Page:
I have one EVSE and 50 amp circuit for each EV. I've had my RAV4 EV and Leviton EVB40 EVSE since April 2013. At the time it was the only 40 amp EVSE below $1,000 with a J1772 connector. When we got the e-Golf, we used the provided 120V cord for almost 6 months. If it wasn't done when I woke up in the morning, I would unplug the RAV from the Leviton and plug in the e-Golf. That would always get it to full by the time my wife went to work. However, that was putting some of our charging outside the cheapest electric price window. I saw that somebody was selling their Jesla, a J1772 converted Tesla mobile EVSE, for about 40% off the new price, so I jumped on that. It's good because it is very portable and can automatically adjust the signal to the car to match the capacity of the circuit based on its plug adapters. In a year and a half, I haven't yet taken advantage of the portable nature of this EVSE.

To me, there are only two good reasons to use a Smart EVSE. First is energy metering. If you really want to know how much energy you are using to charge your car, the easiest way to get that data is to use an EVSE with internal metering. If you get a home energy monitor, you can install a channel just for the EV charging circuit too, but that's much more involved. The second is demand management. If you are in California, there are programs starting up where a Smart EVSE can be used to shift EV charging loads to either match renewable power generation or shave down peak grid loads. ChargePoint and eMotorWerks are the two vendors I know of that are involved in this. You can get some compensation for participating in these load management schemes. I wouldn't bother with other EVSEs that just have built-in timers and such.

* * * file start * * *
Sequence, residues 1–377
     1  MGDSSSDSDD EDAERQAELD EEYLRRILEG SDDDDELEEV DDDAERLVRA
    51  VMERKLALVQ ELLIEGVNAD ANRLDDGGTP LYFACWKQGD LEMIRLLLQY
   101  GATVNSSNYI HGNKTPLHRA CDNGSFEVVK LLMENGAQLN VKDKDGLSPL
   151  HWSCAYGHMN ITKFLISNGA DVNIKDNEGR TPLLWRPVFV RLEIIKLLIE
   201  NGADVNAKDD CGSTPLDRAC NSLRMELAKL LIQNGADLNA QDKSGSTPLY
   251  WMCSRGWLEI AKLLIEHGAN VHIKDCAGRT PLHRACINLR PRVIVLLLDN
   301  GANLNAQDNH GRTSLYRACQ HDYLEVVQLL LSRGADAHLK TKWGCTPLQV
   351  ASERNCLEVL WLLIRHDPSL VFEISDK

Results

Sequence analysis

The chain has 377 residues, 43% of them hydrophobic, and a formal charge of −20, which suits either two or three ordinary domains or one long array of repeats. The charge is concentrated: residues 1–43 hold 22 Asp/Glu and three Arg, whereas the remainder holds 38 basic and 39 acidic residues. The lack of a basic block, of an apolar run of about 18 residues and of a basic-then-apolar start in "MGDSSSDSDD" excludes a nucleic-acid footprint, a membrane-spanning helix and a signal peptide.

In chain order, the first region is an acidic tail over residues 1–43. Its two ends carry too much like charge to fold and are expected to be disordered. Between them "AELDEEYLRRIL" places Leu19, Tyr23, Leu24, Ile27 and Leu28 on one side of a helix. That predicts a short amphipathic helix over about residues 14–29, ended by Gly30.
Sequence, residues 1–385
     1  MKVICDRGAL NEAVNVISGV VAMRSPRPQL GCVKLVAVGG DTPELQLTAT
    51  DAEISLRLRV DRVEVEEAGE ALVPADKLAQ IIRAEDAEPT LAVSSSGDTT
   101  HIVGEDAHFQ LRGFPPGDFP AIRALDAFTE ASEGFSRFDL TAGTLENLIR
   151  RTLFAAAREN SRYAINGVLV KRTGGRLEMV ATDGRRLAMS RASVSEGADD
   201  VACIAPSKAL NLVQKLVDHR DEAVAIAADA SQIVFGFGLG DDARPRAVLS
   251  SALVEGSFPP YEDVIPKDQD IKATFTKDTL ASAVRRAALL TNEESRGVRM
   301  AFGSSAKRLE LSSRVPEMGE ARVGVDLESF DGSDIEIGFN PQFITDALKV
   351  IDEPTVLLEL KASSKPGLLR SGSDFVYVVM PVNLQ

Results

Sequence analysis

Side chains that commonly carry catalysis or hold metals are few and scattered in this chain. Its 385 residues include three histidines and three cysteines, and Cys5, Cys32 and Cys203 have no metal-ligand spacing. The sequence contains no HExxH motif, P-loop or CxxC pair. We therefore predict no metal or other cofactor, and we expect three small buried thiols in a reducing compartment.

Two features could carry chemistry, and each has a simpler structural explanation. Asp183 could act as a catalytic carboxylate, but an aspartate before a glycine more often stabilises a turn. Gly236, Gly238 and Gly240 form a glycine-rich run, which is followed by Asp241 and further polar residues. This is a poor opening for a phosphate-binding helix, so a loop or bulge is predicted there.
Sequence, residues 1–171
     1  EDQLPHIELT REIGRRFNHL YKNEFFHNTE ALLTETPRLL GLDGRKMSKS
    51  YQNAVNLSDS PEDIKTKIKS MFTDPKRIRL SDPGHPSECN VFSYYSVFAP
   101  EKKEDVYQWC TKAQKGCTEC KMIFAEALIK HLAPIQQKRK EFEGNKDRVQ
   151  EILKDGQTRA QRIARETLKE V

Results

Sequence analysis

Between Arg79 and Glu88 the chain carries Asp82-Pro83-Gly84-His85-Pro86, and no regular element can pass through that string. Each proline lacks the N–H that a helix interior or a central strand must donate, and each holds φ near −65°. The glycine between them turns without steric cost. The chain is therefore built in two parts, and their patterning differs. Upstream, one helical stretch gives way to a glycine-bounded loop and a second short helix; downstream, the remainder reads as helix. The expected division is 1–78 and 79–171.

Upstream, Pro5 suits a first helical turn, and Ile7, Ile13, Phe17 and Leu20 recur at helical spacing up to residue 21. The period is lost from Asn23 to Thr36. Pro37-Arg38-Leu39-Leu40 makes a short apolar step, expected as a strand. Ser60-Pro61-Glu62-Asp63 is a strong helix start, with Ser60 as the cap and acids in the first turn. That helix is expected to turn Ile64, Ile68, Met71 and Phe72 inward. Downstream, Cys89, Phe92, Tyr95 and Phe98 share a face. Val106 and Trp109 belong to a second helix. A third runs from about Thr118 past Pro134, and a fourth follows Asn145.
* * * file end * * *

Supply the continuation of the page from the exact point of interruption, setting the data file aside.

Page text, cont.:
Clipper Creek is a very highly regarded American vendor of EVSEs and they do have two specialized products relevant to this discussion. First is the JuiceNet enabled HCS-40. It adds the Smart features of the JuiceBox to the ETL Certified Clipper Creek unit. Second is the Share2 edition of the HCS-40. It allows the pair of EVSE to share a single circuit, dividing the available current between two cars dynamically by modulating the Pilot signal sent to each car.

Fundamentally, an EVSE is a safety device. All it is doing is telling the car how much current it is allowed to draw. When the car indicates that it is connected and wants to draw power, the EVSE activates a relay and delivers the wall power to the car. Until that point, there is no high voltage at the vehicle connector, so you can't get shocked. The EVSE doesn't know or care how full the car is. It's the car's job to properly manage its own charging. When the car is done, it drops the signal to the EVSE and the EVSE shuts off the power. Also, when you push the button on the J1772 connector, the car is supposed to immediately stop charging and tell the EVSE to disconnect the power.

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2015 e-Golf LE Limestone | 2012 RAV4 EV Shoreline w/JdeMO | Leviton EVB40 & Jesla Home Charging | 4.32kW Motech/Enphase PV


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 Post subject: Re: Calculating Cost to Charge eGolf with Solar in SoCal
PostPosted: Fri May 19, 2017 8:44 am 
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A bigger EVSE can future proof your installation but all currently available cars follow the J1772 standard. That means if you have a car like my old B, it will charge just fine at 30A instead of the 40A it was capable of. Going to a 40A EVSE is a whole lot more than a 30A EVSE. Likely because it is heaver built and much lower demand.